The value of the above commodities suggested by DOV based on LME prices of prime material, which works out equivalent to the value of scrap imported of that commodity, appears unfair. The following  table reveals the comparison between  the reference values adopted by this Customs House and the value based on LME price of the prime material suggested by DOV of these commodities:-

 

Sr. No

Item

Reference Value 

(US $ /PMT)

Value suggested by DOV based on LME price of the prime material (US $ /PMT)

1*

Copper Dross

1600

2392

2

Copper Residue >45% Cu

1000

  -

3

Copper Residue< 45% Cu

  800

  957  

4**

Brass Dross

  900

1412

 

*           The LME price of  Copper Scrap Dream  – US $ 2050 / PMT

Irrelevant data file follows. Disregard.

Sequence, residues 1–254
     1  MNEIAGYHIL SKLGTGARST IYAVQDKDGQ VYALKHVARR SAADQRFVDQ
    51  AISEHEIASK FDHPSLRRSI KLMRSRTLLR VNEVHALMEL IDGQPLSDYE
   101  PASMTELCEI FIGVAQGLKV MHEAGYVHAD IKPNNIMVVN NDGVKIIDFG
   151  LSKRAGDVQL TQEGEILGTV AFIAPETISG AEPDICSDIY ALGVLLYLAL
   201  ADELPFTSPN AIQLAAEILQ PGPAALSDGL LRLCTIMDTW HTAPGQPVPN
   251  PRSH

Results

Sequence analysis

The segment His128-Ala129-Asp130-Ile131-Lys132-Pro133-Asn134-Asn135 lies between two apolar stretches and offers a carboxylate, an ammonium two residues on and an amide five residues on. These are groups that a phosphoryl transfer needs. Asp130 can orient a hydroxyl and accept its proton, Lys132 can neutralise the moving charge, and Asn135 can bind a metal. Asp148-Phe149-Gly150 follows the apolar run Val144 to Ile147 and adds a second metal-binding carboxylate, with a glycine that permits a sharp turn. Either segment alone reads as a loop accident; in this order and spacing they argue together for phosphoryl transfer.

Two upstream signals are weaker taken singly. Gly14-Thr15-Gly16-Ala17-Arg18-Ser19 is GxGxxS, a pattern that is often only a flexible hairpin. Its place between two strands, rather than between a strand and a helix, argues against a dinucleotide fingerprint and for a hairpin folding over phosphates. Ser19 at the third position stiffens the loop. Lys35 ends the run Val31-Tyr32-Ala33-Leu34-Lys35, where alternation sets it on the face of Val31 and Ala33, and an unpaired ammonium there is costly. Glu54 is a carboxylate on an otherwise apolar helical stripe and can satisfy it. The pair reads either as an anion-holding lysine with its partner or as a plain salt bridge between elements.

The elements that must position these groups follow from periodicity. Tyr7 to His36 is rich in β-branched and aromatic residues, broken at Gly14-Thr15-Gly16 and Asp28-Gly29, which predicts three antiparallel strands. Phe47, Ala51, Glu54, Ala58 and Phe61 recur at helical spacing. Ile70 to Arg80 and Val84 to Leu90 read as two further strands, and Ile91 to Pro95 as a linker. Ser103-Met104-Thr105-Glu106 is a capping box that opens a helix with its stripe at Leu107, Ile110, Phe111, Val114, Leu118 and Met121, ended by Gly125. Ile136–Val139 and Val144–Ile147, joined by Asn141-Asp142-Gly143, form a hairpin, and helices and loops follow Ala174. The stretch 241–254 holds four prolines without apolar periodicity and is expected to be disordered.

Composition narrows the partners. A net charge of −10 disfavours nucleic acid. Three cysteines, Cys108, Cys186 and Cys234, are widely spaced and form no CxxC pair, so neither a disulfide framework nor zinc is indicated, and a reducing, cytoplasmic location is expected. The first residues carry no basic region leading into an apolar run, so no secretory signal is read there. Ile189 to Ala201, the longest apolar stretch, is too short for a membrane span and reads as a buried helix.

**          The Tariff Value of Brass Scrap (all grade)            – US $ 1867 / PMT

 

The basic question to be decided is whether the value of dross/ residues based on metal content should be linked with the valuation of scrap or prime material ?  

 

 

Comments by DOV

DGOV had issued Valuation Alert No. 12/2005 dated 15.9.2005 in respect of Copper and Brass Dross and Brass residue (Annexure M1). 

1.  Dross / Scrap:

The JNCH in the brief has stated that Dross and Residue are nothing but inferior / lowest varieties of Scrap.  It may be noted that Dross and Scrap are two different items.  ‘Dross’ is an impurity in oxide form found on the surface of molten metal where as ‘Scrap’ is the metal waste from the manufacture or mechanical working of metals which are not usable as such because of breakage, cutting up, wear or other reasons.  Dross contains lower percentage of metal when compared to Scrap.

 

2.  Extraction Charges: